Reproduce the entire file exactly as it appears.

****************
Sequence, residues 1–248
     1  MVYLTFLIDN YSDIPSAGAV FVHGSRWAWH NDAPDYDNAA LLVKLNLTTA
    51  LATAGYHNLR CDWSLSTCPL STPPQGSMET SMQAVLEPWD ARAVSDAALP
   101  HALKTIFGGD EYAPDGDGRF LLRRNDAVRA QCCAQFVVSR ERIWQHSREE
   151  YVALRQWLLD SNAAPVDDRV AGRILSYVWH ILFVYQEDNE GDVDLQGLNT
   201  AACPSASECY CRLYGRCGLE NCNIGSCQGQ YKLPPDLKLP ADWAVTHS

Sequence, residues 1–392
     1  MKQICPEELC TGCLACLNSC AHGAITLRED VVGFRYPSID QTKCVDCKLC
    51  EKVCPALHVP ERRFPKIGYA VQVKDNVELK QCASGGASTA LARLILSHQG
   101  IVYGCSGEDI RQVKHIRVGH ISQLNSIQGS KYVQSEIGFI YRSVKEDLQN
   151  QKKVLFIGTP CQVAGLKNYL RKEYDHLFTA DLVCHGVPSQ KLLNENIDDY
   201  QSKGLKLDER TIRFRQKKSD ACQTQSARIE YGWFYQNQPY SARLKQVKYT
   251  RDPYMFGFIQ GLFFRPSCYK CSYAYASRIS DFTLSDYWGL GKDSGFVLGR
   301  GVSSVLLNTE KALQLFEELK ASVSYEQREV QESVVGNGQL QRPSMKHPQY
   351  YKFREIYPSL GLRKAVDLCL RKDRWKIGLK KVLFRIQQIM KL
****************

Sequence, residues 1–248
     1  MVYLTFLIDN YSDIPSAGAV FVHGSRWAWH NDAPDYDNAA LLVKLNLTTA
    51  LATAGYHNLR CDWSLSTCPL STPPQGSMET SMQAVLEPWD ARAVSDAALP
   101  HALKTIFGGD EYAPDGDGRF LLRRNDAVRA QCCAQFVVSR ERIWQHSREE
   151  YVALRQWLLD SNAAPVDDRV AGRILSYVWH ILFVYQEDNE GDVDLQGLNT
   201  AACPSASECY CRLYGRCGLE NCNIGSCQGQ YKLPPDLKLP ADWAVTHS

Sequence, residues 1–392
     1  MKQICPEELC TGCLACLNSC AHGAITLRED VVGFRYPSID QTKCVDCKLC
    51  EKVCPALHVP ERRFPKIGYA VQVKDNVELK QCASGGASTA LARLILSHQG
   101  IVYGCSGEDI RQVKHIRVGH ISQLNSIQGS KYVQSEIGFI YRSVKEDLQN
   151  QKKVLFIGTP CQVAGLKNYL RKEYDHLFTA DLVCHGVPSQ KLLNENIDDY
   201  QSKGLKLDER TIRFRQKKSD ACQTQSARIE YGWFYQNQPY SARLKQVKYT
   251  RDPYMFGFIQ GLFFRPSCYK CSYAYASRIS DFTLSDYWGL GKDSGFVLGR
   301  GVSSVLLNTE KALQLFEELK ASVSYEQREV QESVVGNGQL QRPSMKHPQY
   351  YKFREIYPSL GLRKAVDLCL RKDRWKIGLK KVLFRIQQIM KL